• [These comments are appearing out of sequence – this one is a response to yours of 3.02p.m. on the 10th.]

        I’m not certain what you mean by ‘intimate place’ Gord; though I think you’re suggesting a level of familiarity and corresponding sense of ease that comes with interacting with the identities of people we know very well. My own experience is that none of that familiarity and ease disappears once it’s seen that identity itself does not correspond to any existent instantiated self. Only the imagined self is phantasmal; the person is real, with real qualities and attributes which we can love and appreciate deeply, intimately. The person is not illusory in the least; rather they are a unique aspect of nature’s play, if you will. Once our conception of them goes beyond attributing to them an artificial and dreary cloak of selfhood, even though they themselves may continue to do so, then by my lights, the appreciation and intimacy goes deeper still. What seems to happen is that the person is more fully accepted, warts and all perhaps, and a colouring of compassionate understanding and tender appreciation enters into what is now a broader, more accurate picture. The other person remains authentically and uniquely themselves, though continues to manifest an unauthentic projection of selfhood which they identify with subjectively and exhibit outwardly as a result of conditioning. What is your experience Gord, does it accord in any way with what I am saying just here?

      • I think that this is all true what you say but it is hard not to see the consequences that have arisen possibly as a result of our cultures investment in individual identifying. I certainly see individuals to be more than what they are identifying with.

      • Dear Gord,

        Many thanks for these responses and kind words, together with those that you have posted on my website and which I have there responded to. [ http://wp.me/P4wkZJ-8d ] I will post you a physical copy of the book as promised, though it will probably not go until Monday as I currently am housebound with something of a flu-like virus. I would imagine it will be with you within 7-10 days of posting.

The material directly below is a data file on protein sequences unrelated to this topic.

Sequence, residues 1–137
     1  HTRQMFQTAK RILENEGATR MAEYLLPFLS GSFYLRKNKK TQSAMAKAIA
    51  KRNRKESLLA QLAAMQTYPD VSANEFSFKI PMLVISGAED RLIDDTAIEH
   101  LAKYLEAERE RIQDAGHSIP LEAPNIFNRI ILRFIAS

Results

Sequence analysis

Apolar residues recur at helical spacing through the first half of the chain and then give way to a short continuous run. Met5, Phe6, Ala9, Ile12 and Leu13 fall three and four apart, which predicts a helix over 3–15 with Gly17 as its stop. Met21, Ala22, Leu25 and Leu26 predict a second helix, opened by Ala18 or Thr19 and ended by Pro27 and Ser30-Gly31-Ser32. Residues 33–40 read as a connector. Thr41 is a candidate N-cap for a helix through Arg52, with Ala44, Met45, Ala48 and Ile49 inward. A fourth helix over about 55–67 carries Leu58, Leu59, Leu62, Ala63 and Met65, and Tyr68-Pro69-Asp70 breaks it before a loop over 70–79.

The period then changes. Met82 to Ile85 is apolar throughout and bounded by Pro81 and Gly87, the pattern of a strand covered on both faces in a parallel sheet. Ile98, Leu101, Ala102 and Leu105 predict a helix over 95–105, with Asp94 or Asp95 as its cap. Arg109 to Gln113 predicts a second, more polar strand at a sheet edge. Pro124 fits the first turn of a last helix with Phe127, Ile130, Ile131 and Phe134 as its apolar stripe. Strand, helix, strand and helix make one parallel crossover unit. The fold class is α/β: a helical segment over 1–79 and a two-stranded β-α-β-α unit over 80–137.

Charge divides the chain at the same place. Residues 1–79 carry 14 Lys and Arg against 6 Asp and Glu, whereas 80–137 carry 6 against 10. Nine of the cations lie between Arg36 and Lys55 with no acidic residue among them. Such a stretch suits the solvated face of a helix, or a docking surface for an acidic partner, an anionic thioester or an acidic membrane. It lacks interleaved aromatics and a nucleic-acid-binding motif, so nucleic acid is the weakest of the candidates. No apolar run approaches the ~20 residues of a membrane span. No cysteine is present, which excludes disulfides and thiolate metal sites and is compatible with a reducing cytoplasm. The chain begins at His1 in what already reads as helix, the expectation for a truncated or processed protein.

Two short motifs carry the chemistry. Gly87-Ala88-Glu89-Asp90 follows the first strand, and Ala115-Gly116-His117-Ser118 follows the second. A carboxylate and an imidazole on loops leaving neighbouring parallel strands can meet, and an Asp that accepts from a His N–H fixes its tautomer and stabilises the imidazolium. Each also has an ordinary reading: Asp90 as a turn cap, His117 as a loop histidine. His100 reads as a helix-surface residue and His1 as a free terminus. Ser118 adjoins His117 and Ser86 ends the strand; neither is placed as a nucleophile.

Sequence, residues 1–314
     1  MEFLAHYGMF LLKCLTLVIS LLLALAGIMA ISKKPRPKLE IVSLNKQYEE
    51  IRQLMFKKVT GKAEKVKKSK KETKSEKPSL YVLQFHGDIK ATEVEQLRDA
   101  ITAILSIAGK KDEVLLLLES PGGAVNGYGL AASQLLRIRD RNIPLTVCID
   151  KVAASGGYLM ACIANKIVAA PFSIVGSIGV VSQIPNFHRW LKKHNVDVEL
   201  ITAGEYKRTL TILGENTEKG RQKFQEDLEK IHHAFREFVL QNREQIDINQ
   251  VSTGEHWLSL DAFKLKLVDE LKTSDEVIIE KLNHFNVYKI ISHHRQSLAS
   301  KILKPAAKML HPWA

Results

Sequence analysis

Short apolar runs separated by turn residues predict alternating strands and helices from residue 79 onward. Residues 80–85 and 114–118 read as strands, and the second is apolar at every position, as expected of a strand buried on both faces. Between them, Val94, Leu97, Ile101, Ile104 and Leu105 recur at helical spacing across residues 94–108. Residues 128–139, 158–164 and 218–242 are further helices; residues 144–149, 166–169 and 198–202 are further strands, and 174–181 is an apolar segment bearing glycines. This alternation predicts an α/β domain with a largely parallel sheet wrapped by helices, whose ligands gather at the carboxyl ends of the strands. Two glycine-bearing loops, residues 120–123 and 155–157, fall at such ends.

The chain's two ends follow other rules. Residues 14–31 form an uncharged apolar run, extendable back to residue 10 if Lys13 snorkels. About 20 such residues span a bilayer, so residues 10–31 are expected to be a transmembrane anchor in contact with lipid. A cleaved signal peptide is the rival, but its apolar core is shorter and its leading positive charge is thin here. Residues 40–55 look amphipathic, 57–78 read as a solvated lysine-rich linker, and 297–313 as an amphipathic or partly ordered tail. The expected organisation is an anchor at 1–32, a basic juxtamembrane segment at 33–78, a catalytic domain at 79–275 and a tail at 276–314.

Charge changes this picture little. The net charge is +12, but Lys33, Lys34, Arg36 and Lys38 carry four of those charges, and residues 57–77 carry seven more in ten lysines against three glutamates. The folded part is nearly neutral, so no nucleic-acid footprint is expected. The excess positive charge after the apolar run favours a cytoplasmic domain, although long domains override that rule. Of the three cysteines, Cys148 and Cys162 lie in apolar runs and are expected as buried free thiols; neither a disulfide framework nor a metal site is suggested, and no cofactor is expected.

Thank you for detailing your extensive experience with Buddhism, and in particular, the Theravadin tradition. I am of course familiar with the life and works of the great Ajahn Chah, as well as others including Ajahn Mun, whose biography I am fortunate to have a copy of. I also am familiar with S.N. Goenka, and am often recommending the documentary film ‘Doing Time, Doing Vipassana’ which features his system and which perhaps you have viewed yourself. Whilst I was not a student of Ajahn Sumedho, I did have the great pleasure of meeting him at Oxford University some years ago. Like myself, you also appear to have explored Nondualism generally, as well as non-system teachers such as J. Krishnamusrti, and perhaps U.G. Krishnamurti as well. I am not familiar with Toni Packer, other than for doing a brief online search as a result of your mention of her, though I have met Tony Parsons (I assume you meant him, rather than ‘Tony Parker’), on several occasions. However, I am not greatly enamoured of Neo-Advaita which you will doubtless glean from my book. My respect for Advaita is of the classical form, wherein morality and practice are deemed essential components for advancement.

        As to your comment at 6.55 p.m. on the 6th, I think we are in agreement here Gord, though it would probably require a fuller exchange to be sure. From what you say though, I am not perceiving things differently to as you have stated. One needs to be clear when awareness is coalescing around conceptual representations, in particular the verbal symbols of language, as against the more expansive mode of presence which is not dependent upon concepts. As you rightly suggest, there is a relative relationship with the two; they of course do not subsist ‘outside’ of the non-dual, or non-self unicity; they may only appear to.

        Finally, thank you once again for your interest in my writing Gord; it truly is most gratifying to me.

        With great respect.

        Hariod.